In a restaurant-bar in Greenwich Village, tenor saxophonist Albert Ayler was ruminating on the disparity between renown and income. In his case, anyway. Covers of his albums are prominent in the windows of more and more jazz record stores; references to him are increasingly frequent in jazz magazines, here and abroad; a growing number of players are trying to sound like him.
“I’m a new star, according to a magazine in England,” Ayler said, “and I don’t even have fare to England. Record royalties? I never see any. Oh, maybe I’ll get $50 this year. One of my albums, Ghosts, won an award in Europe. And the company didn’t even tell me about that. I had to find out another way.”
All this is said in a soft voice and with a smile but not without controlled exasperation. Bitterness would be too strong a term for the Ayler speaking style. He is concerned with inner peace and tries to avoid letting the economic frustrations of the jazz life corrode him emotionally. It’s not easy to remain calm, but Ayler so far appears to be.
In manner, he is reminiscent of John Lewis of the Modern Jazz Quartet—a gentle exterior with a will of steel, a shy laugh, and a constant measuring of who you are and what you want. Ayler’s younger brother, trumpeter Don, is taller, equally serious, and somewhat less given to smiling.
“I went for a long time without work,” Albert said. “Then George Wein asked me to come to Europe with a group of other people for 11 days starting Nov. 3. I hope to be able to add five or six days on my own after I’m there. Henry Grimes and Sunny Murray will be with Don and me. But before I heard from Wein, I’d stopped practicing for three weeks. I was going through a thing. Here I am in Time, in Vogue, in other places. But no work. My spirits were very low.”
“That’s what they call the testing period,” Don volunteered. “First you get exploited while the music is being examined to see if it has any value. Then when they find there’s an ideology behind it, that there’s substance to it, they’ll accept it as a new form.”
“What is its ideology?” I asked.
“To begin with,” Albert answered, “we are the music we play. And our commitment is to peace, to understanding of life. And we keep trying to purify our music, to purify ourselves, so that we can move ourselves—and those who hear us—to higher levels of peace and understanding. You have to purify and crystallize your sound in order to hypnotize. I’m convinced, you see, that through music, life can be given more meaning. And every kind of music has an influence—either direct or indirect—on the world around it so that after a while the sounds of different types of music go around and bring about psychological changes. And we’re trying to bring about peace. In his way, for example, that’s what Coltrane, too, is trying to do.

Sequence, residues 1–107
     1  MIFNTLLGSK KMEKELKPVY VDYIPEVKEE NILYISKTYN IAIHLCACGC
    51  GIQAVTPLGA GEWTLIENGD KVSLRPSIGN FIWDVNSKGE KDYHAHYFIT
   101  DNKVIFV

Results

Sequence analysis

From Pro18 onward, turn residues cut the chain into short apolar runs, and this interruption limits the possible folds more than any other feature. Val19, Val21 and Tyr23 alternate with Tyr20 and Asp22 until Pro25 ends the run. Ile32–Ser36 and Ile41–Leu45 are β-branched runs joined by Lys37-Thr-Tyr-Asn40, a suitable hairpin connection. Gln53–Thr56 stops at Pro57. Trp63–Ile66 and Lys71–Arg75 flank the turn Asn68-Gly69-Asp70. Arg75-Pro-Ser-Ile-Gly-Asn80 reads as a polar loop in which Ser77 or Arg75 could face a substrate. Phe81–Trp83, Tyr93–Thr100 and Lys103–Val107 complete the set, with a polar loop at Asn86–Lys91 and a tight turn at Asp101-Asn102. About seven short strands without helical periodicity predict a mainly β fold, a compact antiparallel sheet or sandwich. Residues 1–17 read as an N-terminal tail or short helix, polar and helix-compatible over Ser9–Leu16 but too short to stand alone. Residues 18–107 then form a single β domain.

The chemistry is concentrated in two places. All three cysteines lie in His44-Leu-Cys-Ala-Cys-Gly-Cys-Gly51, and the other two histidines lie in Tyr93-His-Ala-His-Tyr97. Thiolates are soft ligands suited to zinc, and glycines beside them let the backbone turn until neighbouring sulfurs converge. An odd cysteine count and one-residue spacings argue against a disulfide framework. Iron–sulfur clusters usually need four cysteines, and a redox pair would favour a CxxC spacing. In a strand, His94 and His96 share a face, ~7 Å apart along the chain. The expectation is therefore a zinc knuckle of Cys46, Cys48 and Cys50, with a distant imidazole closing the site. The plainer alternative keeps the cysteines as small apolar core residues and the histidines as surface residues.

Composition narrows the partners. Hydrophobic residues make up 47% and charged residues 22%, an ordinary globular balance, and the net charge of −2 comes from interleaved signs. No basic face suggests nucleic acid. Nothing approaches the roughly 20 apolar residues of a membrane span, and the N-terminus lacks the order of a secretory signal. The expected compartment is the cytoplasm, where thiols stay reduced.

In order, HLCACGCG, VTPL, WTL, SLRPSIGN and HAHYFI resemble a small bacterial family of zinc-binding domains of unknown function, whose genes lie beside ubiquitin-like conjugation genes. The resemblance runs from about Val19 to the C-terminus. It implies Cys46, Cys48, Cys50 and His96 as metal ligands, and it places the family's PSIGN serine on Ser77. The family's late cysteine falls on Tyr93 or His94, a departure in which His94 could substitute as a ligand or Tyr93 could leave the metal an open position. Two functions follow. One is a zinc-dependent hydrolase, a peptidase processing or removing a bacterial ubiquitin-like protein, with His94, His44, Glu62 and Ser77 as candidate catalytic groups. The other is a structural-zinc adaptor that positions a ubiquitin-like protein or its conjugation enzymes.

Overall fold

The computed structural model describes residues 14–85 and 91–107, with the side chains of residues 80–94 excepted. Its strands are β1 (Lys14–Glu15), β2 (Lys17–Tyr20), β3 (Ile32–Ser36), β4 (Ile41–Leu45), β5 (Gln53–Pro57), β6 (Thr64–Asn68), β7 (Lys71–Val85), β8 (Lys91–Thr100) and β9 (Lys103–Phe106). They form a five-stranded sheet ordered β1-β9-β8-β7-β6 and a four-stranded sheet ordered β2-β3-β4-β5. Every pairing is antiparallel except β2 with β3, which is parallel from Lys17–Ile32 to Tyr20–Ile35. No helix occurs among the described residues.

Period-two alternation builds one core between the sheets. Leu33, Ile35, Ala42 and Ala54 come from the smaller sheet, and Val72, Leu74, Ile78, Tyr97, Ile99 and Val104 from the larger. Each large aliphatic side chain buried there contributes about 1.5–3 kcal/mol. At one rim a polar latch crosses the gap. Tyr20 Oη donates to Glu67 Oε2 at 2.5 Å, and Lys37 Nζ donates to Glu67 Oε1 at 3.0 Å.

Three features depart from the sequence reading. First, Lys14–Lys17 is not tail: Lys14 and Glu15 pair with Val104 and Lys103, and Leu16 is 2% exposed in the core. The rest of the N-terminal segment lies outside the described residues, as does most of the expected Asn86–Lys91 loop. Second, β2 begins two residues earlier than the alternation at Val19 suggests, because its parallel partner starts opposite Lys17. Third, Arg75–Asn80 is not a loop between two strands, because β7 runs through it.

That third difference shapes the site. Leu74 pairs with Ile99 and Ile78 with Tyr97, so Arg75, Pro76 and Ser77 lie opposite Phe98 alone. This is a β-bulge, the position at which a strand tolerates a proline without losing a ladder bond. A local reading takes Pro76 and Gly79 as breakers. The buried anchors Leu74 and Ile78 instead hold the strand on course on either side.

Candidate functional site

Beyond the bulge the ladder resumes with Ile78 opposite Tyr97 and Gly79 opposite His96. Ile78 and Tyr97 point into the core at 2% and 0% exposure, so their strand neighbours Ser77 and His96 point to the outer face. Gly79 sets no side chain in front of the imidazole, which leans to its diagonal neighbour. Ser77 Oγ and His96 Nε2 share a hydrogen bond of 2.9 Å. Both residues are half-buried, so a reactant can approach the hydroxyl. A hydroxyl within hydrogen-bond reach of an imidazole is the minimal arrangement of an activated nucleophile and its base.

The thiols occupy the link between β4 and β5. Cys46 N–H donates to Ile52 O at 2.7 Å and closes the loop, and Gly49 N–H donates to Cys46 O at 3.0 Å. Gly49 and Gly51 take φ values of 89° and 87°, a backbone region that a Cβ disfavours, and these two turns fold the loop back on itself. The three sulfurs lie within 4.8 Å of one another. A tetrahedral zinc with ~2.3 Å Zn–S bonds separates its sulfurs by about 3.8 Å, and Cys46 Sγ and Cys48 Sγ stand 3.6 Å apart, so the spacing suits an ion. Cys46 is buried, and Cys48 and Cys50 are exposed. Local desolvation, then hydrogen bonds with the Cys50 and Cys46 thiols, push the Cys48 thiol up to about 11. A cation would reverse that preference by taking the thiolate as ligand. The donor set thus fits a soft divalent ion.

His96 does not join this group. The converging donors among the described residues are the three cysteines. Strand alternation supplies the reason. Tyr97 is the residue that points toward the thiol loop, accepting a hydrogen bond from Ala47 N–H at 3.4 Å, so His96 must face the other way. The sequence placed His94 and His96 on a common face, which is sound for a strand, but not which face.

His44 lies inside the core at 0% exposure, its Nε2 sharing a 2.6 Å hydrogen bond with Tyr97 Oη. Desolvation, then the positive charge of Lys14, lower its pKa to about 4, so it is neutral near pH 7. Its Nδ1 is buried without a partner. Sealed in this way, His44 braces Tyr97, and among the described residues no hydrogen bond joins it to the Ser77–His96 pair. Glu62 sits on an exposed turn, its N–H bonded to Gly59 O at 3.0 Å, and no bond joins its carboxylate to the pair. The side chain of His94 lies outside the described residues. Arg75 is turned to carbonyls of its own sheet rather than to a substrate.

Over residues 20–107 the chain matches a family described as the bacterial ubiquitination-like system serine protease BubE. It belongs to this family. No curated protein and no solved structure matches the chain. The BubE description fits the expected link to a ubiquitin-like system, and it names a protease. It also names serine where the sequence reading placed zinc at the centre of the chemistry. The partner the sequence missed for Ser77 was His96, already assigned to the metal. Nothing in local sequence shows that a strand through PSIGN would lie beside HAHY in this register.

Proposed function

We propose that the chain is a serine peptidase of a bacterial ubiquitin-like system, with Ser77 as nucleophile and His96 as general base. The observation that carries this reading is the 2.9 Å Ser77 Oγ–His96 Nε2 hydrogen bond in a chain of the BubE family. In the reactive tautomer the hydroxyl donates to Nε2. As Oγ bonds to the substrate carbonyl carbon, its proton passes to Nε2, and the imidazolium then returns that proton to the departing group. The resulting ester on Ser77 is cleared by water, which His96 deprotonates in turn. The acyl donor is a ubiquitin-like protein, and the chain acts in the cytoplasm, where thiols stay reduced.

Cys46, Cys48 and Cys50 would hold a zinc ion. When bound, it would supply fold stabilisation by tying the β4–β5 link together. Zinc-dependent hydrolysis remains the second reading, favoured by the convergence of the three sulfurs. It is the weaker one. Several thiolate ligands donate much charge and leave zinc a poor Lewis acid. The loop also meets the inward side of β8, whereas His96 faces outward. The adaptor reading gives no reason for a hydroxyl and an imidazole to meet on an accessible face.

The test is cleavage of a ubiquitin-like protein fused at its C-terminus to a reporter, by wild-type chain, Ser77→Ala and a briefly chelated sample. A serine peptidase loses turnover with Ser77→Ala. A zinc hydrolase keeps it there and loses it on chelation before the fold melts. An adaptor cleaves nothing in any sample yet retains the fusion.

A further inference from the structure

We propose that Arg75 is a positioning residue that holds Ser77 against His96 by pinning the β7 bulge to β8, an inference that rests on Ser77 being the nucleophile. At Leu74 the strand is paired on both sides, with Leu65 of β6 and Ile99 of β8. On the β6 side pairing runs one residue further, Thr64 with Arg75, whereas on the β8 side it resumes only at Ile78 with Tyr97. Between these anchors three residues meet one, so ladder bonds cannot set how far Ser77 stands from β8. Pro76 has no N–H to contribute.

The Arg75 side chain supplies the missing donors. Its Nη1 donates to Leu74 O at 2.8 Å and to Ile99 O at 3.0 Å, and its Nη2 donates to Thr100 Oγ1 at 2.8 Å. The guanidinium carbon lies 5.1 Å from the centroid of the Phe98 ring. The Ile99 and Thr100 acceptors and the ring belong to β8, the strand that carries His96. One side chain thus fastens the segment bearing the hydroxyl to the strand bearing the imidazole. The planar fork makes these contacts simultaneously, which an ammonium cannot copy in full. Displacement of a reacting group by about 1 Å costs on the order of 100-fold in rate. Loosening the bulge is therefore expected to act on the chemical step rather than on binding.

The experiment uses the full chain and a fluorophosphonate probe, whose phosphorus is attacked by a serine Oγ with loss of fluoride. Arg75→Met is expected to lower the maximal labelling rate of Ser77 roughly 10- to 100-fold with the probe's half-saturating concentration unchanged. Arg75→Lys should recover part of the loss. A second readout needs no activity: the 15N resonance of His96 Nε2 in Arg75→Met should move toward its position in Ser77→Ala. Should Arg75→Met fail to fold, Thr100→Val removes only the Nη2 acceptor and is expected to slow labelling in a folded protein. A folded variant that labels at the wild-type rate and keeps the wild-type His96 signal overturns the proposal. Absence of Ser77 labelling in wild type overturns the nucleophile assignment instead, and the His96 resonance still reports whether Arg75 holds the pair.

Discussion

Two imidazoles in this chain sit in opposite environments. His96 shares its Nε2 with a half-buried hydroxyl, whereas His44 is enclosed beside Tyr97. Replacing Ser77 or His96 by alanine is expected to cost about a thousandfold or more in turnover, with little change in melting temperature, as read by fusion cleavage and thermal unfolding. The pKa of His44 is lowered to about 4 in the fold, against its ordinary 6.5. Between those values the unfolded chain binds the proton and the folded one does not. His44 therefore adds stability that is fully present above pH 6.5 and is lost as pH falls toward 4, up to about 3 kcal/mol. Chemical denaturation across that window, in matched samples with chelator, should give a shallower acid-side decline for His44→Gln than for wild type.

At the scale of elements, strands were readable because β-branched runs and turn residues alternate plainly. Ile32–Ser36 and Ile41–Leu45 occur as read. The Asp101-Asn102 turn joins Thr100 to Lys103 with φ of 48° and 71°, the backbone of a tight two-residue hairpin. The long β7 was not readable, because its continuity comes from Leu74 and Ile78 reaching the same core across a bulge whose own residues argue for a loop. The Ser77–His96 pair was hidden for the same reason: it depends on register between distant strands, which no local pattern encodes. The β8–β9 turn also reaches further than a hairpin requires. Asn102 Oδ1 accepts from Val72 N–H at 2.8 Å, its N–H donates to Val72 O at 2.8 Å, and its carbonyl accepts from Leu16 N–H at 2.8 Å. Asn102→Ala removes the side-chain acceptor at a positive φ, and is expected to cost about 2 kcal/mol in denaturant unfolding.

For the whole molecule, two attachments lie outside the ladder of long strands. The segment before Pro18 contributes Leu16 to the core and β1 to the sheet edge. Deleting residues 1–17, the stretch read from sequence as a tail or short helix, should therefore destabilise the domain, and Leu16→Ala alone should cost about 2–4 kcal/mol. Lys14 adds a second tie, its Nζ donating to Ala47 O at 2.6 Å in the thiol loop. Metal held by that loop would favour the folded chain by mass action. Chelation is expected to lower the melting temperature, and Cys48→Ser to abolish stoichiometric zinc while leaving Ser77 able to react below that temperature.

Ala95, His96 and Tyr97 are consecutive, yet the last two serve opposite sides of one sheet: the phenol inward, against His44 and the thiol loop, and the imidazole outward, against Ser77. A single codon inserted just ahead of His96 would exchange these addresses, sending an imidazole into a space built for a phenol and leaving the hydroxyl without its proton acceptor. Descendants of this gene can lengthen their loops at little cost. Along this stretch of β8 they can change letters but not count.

“To accomplish this, I must have spiritual men playing with me. Since we are the music we play, our way of life has to be clean or else the music can’t be kept pure.”
This meant, he continued, that he couldn’t work with someone addicted to narcotics or who otherwise is emotionally unstable.
I couldn’t use a man hung up with drugs, because he’d draw from the energy we need to concentrate on the music,” Ayler said. “Fortunately, I’ve never had that problem. I need people who are clear in their minds as well as in their music, people whose thought waves are positive. You must know peace to give peace.”
I asked the brothers about the primary influence on their music.
“Lester Young,” Albert answered. “The way he connected his phrases. The freedom with which he flowed. And his warm tone. When he and Billie Holiday got together, there was so much beauty. These are the kind of people who produce a spiritual truth beyond this civilization. And Bird, of course. I met him in 1955 in Cleveland, where they were calling me ‘Little Bird.’ I saw the spiritual quality in the man. He looked at me, smiled, and shook my hand. It was a warm feeling. I was impressed by the way he—and later, Trane—played the changes.
“There was also Sidney Bechet. I was crazy about him. His tone was unbelievable. It helped me a lot to learn that a man could get that kind of tone. It was hypnotizing—the strength of it, the strength of the vibrato. For me, he represented the true spirit, the full force of life, that many of the older musicians had—like in New Orleans jazz—and which many musicians today don’t have. I hope to bring that spirit back into the music we’re playing.”